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Iran-Iraq relations

Tehran says the presence of terrorists in Iraq’s Kurdistan region and their threat to Iran’s security go against the Iraqi constitution as well as friendly bilateral relations. The Iranian foreign minister said no side should be allowed to undermine the security of Iraq’s neighbors. Hossein Amir-Abdollahian made the remarks in a meeting in Tehran with Bafel Talabani, the leader of the Patriotic Union of Kurdistan. Amir-Abdollahian pointed to the solid Tehran-Baghdad ties and called for the speedy implementation of a security agreement between the two sides. For his part, Talabani highlighted his party’s measures to boost security along the borders of the Kurdistan region, saying that Iraq will not allow any harm to come from its territory to regional countries, particularly Iran. Under the security deal with Iran, Iraq has vowed to disarm and relocate terror groups based in its Kurdistan region by September 19. Iran says the deadline will not be extended.

US cluster bombs in Ukraine

The US reportedly plans to give Ukraine longer-range missiles packed with cluster bombs despite widespread concerns that such munitions can cause civilian casualties. US officials say the administration of President Joe Biden is close to approving the shipment of the weapons. The US delivered cluster munitions in 155-mm artillery rounds to Kiev earlier this year. Cluster munitions are prohibited by more than 100 countries. They typically release large numbers of smaller bomblets that can kill indiscriminately over a wide area. Those that fail to explode pose a danger for decades after a conflict ends. The US military believes these bombs will help Ukraine push back against Russian forces. Russia has frequently warned against the influx of Western weapons to Ukraine. It says the move will prolong the Moscow-Kiev conflict that erupted in February last year.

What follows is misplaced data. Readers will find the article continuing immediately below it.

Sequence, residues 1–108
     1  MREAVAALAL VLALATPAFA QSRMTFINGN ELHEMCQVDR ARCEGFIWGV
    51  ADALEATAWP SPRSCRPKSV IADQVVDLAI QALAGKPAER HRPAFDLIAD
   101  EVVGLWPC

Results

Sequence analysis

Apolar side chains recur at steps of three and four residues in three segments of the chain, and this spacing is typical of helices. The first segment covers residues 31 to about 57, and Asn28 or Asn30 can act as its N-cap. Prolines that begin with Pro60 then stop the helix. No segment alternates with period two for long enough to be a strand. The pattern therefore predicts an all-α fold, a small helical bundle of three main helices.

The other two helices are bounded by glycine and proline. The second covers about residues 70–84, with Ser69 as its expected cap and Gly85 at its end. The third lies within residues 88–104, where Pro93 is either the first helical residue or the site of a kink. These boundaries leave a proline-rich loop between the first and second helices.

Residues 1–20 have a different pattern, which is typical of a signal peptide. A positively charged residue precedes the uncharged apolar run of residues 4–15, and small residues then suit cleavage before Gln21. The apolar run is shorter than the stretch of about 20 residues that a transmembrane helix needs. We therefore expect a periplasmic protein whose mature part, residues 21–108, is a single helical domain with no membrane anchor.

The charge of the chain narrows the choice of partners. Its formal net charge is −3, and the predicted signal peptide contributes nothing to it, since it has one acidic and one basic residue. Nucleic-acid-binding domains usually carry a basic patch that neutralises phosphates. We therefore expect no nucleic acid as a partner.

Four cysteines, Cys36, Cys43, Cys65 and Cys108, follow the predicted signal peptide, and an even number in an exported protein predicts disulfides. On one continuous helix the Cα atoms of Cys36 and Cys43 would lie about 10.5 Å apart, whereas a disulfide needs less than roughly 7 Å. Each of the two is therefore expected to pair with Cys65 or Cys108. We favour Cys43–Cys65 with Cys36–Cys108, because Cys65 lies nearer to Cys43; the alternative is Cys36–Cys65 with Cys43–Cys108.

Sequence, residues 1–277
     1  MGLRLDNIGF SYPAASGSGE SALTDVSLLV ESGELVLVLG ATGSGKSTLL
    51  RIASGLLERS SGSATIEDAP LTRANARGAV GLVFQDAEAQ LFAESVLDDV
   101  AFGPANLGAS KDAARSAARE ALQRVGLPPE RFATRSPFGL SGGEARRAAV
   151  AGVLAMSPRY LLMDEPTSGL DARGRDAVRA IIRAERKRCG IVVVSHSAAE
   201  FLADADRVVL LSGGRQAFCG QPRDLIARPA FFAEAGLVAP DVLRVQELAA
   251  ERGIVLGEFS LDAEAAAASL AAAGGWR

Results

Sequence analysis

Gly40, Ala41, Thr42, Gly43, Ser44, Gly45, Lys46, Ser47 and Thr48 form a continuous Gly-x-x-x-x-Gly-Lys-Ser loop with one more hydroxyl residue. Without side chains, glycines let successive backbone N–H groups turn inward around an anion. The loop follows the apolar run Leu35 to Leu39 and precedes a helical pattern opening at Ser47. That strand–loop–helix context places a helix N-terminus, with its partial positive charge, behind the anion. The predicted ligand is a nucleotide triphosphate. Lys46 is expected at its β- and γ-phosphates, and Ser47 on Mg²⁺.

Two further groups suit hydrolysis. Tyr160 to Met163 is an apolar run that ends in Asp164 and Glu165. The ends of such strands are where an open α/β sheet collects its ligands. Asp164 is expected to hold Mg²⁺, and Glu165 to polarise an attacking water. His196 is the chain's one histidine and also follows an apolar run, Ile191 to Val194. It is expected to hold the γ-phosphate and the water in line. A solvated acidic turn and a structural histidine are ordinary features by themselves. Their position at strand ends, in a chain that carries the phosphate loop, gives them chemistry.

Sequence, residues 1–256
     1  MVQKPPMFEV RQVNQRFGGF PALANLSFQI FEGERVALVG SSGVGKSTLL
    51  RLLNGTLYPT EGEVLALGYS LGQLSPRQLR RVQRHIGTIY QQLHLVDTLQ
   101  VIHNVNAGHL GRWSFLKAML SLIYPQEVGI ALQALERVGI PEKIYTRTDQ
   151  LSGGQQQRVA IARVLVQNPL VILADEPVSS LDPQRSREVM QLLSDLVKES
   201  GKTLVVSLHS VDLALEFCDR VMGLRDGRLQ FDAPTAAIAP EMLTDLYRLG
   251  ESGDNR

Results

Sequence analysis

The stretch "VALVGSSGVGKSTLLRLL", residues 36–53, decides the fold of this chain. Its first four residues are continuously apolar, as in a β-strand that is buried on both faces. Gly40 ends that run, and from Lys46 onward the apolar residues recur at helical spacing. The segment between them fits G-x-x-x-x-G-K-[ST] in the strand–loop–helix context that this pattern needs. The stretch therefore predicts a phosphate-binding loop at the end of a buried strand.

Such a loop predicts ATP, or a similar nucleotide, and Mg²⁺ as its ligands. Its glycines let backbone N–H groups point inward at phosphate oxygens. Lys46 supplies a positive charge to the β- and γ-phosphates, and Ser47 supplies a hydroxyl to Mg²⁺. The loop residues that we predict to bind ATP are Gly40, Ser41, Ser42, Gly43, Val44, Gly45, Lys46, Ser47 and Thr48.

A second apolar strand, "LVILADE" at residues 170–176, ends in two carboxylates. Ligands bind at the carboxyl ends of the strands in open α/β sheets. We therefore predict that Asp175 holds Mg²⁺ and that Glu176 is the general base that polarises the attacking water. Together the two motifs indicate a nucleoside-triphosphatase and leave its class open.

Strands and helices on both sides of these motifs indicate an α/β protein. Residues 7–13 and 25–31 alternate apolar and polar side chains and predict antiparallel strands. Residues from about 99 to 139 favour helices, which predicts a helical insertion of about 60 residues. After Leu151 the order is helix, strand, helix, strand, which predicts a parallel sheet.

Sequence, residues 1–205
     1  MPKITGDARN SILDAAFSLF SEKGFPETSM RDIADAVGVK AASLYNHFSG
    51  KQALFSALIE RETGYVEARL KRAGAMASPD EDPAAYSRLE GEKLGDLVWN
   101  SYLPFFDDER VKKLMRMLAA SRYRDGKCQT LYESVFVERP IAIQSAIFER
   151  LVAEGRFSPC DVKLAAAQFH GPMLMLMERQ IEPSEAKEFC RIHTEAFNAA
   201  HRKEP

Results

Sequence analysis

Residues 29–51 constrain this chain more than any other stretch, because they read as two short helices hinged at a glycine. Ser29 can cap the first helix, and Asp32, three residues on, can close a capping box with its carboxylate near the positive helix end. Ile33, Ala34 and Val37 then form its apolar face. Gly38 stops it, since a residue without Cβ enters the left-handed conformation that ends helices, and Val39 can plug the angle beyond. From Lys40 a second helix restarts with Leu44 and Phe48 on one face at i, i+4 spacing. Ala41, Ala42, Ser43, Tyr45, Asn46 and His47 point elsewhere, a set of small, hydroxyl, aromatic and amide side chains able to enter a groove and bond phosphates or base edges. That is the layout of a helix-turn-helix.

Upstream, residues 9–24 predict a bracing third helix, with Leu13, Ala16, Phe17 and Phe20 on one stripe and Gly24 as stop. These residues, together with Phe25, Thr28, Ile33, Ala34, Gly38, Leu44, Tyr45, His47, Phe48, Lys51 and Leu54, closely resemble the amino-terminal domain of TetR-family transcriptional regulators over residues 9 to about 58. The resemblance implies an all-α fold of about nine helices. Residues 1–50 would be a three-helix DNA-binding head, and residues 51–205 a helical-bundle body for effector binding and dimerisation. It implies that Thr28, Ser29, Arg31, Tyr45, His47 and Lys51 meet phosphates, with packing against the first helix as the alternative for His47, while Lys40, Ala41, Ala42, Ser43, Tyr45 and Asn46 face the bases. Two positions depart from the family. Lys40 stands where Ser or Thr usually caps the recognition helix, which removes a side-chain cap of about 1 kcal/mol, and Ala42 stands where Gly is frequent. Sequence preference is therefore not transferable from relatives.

Libya deadly storm

Over the past two days, Libya has been hit by devastating winds and heavy floods with estimates of fatalities ranging from hundreds to thousands. This, according to the spokesperson for the Libyan National Army that controls the African country’s east. The head of the Red Crescent aid group in the region, however, said the death toll in the eastern city of Derna is expected to hit 250. Storm Daniel swept in over the Mediterranean on Sunday. It swamped roads and destroyed buildings in Derna, and hit other settlements along the coast, including Libya's second biggest city of Benghazi. The precise number of the dead is hard to determine because communications have been cut off and a decade-long battle for power between two rival governments has hampered administration.

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